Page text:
Dr. Juliette Madrigal-Dersch still makes house calls in Marble Falls, Texas.
She provides free health care to foster children, cancer patients, ministers, even teachers, and says her regular patients get better care than most because she refuses to accept private insurance or Medicare.
"The service is a lot better because all the decisions about health care are made just between the doctor and the patient," Madrigal-Dersch said in an exclusive interview with Newsmax TV.
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"There's no outside entity that tries to influence what we're doing together as a team," she said.
But Madrigal-Dersch is more than a small town doctor; she's the president of the American Association of Physicians and Surgeons.
ObamaCare: You Can Win With The Facts
And while she's not a fan of how insurance interferes in a patient's treatment, she thinks even less of the new Obamacare system that she says will turn patients into a complicated code of numbers and put dedicated doctors at risk of becoming criminals.
For example, there's a code for patients "bit by parrot" and a separate code for "bit by macaw," so if a doctor enters a code for the wrong kind of bird, they are liable for fraud, Madrigal-Dersch claimed.
There are even codes for patients being treated for water ski burns or being hit by a turtle.
"I'm pretty sure not very many people have ever been hit by a turtle," Madrigal-Dersch said.
"You can find a lot of things on the Internet, but I have actually Googled this, and I could not find one single case of anyone who'd ever been burned while they were water skiing, so why do we have these codes?" she asked.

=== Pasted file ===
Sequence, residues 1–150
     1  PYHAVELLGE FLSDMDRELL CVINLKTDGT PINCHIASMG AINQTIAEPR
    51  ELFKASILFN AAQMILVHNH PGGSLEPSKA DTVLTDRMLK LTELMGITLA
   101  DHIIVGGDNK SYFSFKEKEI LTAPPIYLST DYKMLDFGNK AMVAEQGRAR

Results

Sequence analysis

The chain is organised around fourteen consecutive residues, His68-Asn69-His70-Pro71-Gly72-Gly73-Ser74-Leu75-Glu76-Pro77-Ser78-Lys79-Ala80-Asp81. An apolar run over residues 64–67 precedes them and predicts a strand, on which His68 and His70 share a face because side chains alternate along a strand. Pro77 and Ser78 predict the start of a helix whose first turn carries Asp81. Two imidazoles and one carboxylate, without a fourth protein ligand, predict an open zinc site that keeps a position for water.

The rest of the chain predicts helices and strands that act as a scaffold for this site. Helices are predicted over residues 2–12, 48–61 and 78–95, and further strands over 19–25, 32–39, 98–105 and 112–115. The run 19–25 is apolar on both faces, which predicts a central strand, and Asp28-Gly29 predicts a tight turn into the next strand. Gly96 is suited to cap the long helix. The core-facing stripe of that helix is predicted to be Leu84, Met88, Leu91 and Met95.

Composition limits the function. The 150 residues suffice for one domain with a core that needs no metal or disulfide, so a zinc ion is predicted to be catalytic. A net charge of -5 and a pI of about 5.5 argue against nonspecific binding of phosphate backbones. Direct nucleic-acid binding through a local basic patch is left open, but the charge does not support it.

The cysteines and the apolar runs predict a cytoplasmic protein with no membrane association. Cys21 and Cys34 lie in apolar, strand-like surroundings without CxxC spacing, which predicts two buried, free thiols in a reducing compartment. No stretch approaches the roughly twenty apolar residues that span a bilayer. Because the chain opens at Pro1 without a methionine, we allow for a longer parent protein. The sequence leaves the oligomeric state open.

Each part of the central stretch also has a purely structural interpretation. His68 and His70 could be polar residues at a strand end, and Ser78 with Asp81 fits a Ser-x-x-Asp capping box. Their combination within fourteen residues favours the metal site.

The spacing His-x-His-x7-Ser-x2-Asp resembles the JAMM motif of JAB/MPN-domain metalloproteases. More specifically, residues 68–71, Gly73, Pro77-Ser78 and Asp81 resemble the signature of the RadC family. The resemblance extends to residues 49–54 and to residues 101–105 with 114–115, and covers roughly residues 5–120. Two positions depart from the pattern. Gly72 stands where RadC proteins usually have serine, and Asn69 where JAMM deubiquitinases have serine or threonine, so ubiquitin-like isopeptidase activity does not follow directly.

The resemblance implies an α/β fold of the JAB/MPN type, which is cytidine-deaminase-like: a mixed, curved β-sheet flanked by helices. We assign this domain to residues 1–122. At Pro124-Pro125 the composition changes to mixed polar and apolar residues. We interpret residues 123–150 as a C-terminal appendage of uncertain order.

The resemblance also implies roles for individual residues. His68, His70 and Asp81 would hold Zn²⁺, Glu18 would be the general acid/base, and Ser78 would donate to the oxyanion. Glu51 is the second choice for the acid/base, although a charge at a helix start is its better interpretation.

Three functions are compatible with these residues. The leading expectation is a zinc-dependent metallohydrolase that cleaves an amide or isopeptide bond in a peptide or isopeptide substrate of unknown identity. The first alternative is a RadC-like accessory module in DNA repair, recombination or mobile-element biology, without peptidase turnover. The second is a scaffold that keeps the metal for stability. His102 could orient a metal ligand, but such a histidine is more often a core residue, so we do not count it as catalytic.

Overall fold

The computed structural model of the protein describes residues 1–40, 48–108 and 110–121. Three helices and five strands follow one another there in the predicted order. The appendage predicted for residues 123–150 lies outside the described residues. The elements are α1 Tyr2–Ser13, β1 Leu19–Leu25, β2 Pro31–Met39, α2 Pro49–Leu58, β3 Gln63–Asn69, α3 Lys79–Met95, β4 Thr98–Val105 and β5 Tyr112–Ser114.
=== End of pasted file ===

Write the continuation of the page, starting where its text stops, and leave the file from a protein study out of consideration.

"They're arbitrary and capricious and just there to make things more difficult and unrealistic for the patient and the doctor," Madrigal-Dersch said. "These codes are ridiculous and they're just another way that the government or insurance companies can say that doctors are committing fraud."
Many patients are no better served with private insurance, said Madrigal-Dersch, citing numerous examples where it has actually cost patients more money or threatened their life.
For example, a complete blood cell count costs $15 without insurance, but if a person's health care is subsidized by the government it costs as much as $123.
"To me that's gouging and they raise these prices up artificially so people have to have insurance, so they can't afford the cash price," Madrigal-Dersch said.
In one incident, an insurance company rejected the doctor's order for an MRI to detect a possible aneurysm until the patient was first treated for migraine headaches.
"I got on the phone and said, 'if I treat this lady who's having an aneurysm for a migraine, it will actually kill her,'" Madrigal-Dersch said.
Luckily the patient did not have an aneurysm, because she would have died in the time it took to have her tested.
Now, Madrigal-Dersch predicts the bureaucratic obstacles to health care will only get worse and expressed disappointment that her state's governor, Rick Perry, is working with the White House to bring a program similar to Obamacare to Texas.
"I was very surprised. I wish he would stick with us. Capitalism works," Madrigal-Dersch said.
"The doctor-patient relationship is the most important thing. Keeping government and government money out of the doctor-patient relationship is the way to actually take really good care of people," Madrigal-Dersch said.
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